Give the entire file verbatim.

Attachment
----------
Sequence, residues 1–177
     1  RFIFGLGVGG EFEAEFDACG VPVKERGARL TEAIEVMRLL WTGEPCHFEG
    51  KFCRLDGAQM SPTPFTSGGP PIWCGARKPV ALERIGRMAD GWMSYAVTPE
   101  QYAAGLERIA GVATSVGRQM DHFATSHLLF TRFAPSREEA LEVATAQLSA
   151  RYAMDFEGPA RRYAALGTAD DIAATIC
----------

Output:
Sequence, residues 1–177
     1  RFIFGLGVGG EFEAEFDACG VPVKERGARL TEAIEVMRLL WTGEPCHFEG
    51  KFCRLDGAQM SPTPFTSGGP PIWCGARKPV ALERIGRMAD GWMSYAVTPE
   101  QYAAGLERIA GVATSVGRQM DHFATSHLLF TRFAPSREEA LEVATAQLSA
   151  RYAMDFEGPA RRYAALGTAD DIAATIC